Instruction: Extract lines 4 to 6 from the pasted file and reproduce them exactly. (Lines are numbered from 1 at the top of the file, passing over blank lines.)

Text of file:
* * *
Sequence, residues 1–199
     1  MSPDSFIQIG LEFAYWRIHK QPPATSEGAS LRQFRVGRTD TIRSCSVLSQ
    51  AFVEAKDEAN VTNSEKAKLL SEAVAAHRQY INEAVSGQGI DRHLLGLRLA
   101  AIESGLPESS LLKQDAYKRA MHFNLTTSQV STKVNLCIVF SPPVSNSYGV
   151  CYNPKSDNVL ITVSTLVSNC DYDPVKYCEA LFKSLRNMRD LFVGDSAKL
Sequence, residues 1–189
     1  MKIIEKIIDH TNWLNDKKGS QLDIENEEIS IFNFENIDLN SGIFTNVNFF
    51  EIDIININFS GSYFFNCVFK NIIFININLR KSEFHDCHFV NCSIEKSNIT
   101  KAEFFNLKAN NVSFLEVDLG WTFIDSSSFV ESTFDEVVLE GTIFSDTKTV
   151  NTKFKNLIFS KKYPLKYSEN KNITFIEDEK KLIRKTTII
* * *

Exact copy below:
   101  AIESGLPESS LLKQDAYKRA MHFNLTTSQV STKVNLCIVF SPPVSNSYGV
   151  CYNPKSDNVL ITVSTLVSNC DYDPVKYCEA LFKSLRNMRD LFVGDSAKL
Sequence, residues 1–189